From 1969 through the early 1980s, hundreds of working artists gathered on Manhattan’s Lower East Side every Friday at meetings of the Alliance of Figurative Artists. The art historical canon overlooks figurative art from this period by focusing on a linear progression of modernism towards medium specificity. However, figurative painters persisted on the periphery of the New York art world. The size and scope of the Alliance and the interests of the artists involved expose the popular narrative of these generative decades in American art history to be a partial one promulgated by a few powerful art critics and curators. This exploration of the early years of the Alliance is divided into three parts: examining the group’s structure and the varied yet cohesive interests of eleven key artists; situating the Alliance within the contemporary New York arts landscape; and highlighting the contributions women artists made to the Alliance.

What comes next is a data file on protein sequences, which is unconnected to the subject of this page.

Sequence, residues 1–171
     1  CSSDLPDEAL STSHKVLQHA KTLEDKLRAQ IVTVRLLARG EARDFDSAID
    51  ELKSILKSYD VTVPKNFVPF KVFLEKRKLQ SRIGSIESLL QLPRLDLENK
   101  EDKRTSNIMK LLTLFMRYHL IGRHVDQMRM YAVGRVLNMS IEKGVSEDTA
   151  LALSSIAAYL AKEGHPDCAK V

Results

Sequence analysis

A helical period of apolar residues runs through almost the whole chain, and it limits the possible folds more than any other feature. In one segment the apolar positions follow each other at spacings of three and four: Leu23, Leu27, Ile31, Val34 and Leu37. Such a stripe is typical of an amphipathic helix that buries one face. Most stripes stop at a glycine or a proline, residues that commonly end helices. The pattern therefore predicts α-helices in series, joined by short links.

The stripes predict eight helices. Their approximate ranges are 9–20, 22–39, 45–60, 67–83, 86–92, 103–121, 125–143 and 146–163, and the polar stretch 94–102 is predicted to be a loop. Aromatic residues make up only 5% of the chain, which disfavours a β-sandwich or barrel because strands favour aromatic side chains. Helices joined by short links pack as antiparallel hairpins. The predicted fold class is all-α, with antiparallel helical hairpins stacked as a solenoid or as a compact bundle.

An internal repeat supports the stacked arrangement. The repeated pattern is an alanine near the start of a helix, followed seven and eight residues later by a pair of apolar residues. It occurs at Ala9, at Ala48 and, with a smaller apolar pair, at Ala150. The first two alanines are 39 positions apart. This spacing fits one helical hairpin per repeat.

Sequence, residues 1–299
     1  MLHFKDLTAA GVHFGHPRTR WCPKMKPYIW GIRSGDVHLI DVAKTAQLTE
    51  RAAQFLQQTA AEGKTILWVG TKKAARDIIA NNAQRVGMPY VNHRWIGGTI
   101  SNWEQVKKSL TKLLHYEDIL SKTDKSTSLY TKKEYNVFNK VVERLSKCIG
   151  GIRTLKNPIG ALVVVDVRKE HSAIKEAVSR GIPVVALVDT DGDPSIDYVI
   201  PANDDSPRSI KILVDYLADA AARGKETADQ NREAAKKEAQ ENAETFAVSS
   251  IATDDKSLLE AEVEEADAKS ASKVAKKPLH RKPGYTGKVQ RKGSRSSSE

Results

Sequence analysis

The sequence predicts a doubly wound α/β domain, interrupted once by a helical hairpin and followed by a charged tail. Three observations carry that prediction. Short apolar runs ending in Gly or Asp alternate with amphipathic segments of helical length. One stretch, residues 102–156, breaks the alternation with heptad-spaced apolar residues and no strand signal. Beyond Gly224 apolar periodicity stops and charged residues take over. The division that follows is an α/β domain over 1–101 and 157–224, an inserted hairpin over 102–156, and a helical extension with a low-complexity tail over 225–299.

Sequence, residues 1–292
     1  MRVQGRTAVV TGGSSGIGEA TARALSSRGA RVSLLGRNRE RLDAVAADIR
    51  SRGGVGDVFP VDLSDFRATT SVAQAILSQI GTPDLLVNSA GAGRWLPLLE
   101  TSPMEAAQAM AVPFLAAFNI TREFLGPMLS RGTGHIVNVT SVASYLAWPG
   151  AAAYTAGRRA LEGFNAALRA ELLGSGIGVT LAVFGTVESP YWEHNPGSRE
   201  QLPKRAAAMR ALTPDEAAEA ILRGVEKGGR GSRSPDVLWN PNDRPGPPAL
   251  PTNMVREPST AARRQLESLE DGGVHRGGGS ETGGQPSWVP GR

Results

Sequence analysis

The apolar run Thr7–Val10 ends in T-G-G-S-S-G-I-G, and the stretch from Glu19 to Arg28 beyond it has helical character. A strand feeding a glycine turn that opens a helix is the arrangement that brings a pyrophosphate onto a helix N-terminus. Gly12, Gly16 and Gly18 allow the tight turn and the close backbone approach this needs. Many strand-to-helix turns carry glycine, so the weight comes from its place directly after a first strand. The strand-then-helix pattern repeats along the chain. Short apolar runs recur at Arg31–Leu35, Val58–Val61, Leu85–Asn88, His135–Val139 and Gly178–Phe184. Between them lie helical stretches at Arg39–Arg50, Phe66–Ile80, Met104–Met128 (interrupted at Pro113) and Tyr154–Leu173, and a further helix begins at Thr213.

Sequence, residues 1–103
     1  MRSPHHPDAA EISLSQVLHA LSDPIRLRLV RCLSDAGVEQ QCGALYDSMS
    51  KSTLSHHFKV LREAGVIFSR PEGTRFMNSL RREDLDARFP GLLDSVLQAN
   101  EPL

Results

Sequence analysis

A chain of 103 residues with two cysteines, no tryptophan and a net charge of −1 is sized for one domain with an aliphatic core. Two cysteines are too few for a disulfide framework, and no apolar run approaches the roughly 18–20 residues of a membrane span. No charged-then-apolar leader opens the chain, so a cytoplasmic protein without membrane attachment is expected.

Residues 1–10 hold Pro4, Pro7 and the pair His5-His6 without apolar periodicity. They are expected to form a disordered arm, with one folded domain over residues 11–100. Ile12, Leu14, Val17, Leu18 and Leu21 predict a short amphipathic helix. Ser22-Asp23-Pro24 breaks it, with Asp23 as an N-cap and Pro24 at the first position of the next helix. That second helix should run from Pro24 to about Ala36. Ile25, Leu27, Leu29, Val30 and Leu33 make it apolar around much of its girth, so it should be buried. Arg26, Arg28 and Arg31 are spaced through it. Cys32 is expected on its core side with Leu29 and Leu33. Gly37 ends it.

Keywords: Post-war American art, figurative painting, realism, artist-run galleries, exhibitions history, feminist art history, second-wave feminism